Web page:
Spanish authorities claim two hackers caused failures to 300 RAR systems last year, while a natural gas pipeline operator in Luxembourg was recently the victim of a ransomware attack.
Spanish police have arrested two men believed to be responsible for cyberattacks against the country’s radioactivity alert network (RAR) last year.
This network is a mesh of gamma radiation detection sensors, deployed in certain parts of Spain to monitor for excessive radiation levels. This is to ensure protective measures are taken in the event of radiation to prevent damage to people and the environment.
Spanish police said the two men are former workers of a company contracted to maintain the RAR system, which gave them knowledge of the operation and how to launch an effective cyberattack.
The authorities added that they were able to mask their involvement, which significantly increased the difficulty of the investigation.
According to a police statement, the hackers attacked 300 of 800 RAR systems between March and June last year, causing connection failures to these sensors and reducing their detection capacity “even in the environment of nuclear power plants”.
These cyberattacks were stopped in June once authorities discovered the breach, which began an investigation to determine the cause of the incident. The motive of the sabotage is currently unknown.
CEO of cybersecurity firm Claroty, Simon Chassar, said while its good that Spanish authorities took the attack “extremely seriously”, it is a stark reminder to secure cyber physical devices within critical infrastructure industries.
“Cyber physical devices such as Internet of Things (IoT) devices and Industrial IoT (IIoT), are not always designed with security in mind, meaning they can have a number of vulnerabilities for threat actors to exploit,” Chassar said.
Chassar added that security teams need to have full visibility across all devices on their network and start patching security controls “where urgent”.
He added that networks should be segmented with asset class network policies to restrict unnecessary connectivity, which would help mitigate cyberattacks.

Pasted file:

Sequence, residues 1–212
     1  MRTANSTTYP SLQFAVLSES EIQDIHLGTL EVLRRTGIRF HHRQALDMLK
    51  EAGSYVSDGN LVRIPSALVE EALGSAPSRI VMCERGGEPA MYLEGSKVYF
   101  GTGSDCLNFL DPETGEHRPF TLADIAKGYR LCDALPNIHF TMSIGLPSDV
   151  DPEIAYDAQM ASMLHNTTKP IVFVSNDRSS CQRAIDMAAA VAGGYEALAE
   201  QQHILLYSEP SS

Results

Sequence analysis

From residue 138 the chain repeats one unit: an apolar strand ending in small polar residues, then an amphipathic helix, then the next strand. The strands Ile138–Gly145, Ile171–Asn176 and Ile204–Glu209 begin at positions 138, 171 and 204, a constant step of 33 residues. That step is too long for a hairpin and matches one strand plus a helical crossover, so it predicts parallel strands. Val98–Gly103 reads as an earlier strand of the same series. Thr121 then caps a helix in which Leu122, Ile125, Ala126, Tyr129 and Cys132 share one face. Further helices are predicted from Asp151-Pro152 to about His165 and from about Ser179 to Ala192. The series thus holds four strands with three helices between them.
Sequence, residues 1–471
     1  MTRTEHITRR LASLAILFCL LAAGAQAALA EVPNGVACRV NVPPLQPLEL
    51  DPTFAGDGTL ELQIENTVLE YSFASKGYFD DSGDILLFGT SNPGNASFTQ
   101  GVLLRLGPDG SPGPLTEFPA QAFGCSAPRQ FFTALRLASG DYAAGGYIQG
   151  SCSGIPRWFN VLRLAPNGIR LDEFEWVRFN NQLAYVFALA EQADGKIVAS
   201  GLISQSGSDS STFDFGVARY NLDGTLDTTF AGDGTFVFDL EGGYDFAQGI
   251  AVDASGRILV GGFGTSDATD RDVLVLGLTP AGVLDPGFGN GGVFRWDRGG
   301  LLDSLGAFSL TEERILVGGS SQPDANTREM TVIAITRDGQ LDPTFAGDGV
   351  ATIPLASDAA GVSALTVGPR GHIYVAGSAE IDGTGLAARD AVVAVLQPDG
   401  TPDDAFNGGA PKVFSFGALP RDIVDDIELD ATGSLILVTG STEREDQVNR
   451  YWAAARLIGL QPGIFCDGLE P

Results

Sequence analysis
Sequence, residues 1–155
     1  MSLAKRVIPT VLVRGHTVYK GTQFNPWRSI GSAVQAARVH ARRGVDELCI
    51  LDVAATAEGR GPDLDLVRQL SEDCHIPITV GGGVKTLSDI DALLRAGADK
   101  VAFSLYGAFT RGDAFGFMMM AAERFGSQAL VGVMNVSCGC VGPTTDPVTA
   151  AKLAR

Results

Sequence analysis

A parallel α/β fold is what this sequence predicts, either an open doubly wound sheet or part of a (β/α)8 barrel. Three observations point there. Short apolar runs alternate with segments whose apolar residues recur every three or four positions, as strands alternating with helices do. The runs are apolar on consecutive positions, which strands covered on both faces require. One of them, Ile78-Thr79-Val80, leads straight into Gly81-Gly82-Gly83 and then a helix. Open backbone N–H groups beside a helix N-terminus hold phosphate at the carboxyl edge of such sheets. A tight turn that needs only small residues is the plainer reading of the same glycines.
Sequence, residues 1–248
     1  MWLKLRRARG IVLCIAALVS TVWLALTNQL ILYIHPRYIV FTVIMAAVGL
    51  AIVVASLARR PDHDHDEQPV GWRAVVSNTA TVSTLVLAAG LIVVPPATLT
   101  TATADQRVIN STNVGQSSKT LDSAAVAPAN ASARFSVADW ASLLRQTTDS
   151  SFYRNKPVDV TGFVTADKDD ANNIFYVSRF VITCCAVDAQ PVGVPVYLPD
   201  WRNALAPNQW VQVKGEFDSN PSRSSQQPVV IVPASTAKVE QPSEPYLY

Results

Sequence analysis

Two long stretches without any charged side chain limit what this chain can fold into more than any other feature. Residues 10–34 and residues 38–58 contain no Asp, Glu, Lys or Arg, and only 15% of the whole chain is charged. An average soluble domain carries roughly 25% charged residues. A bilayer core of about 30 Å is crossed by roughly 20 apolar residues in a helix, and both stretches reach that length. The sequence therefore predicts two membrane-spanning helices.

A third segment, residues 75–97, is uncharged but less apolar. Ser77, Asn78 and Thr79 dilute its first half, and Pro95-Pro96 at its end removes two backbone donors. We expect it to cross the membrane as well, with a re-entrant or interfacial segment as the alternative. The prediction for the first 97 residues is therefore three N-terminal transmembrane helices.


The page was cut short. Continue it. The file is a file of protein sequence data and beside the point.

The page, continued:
“Unfortunately, the systems that run the world are a prime target for hackers looking to cause disruption, so it’s vital that critical infrastructure organisations prioritise security across their entire environment,” Chassar said.
The threat to critical infrastructure was made clear recently with an attack against Creos, a natural gas pipeline and electricity network operator in Luxembourg.
The company suffered a ransomware attack between 22 and 23 July, during which various entities of the parent company, Encevo, were targeted.
The company said data was taken by the attackers and certain computer systems were made unavailable by the hackers. Encevo said there was no disruption to energy supplies from the attack.
It has been reported that the ransomware gang BlackCat has claimed responsibility for the attack. Researchers believe this gang includes members of the group responsible for the Colonial Pipeline cyberattack that occurred last year, TechMonitor reported.
EMEA director of technology at Illumio, Trevor Dearing, said the latest cyberattack mirrors the Colonial Pipeline attack and is another demonstration of cybercriminals targeting critical infrastructure organisations.
Dearing said these criminals aim to attack the commercial side of organisations which has the potential of leaking across the production network, which increases the chances of ransom demands being met.
“What’s more, in this case BlackCat posted details of the attack on their extortion platform, further piling the pressure on their victims to pay the ransom to have this retracted,” Dearing said. “An increasingly lucrative industry, cyberattacks will be a recurring nightmare so long as organisations continue to rely and invest entirely on detection as though they can stop all breaches from happening.”
10 things you need to know direct to your inbox every weekday. Sign up for the Daily Brief, Silicon Republic’s digest of essential sci-tech news.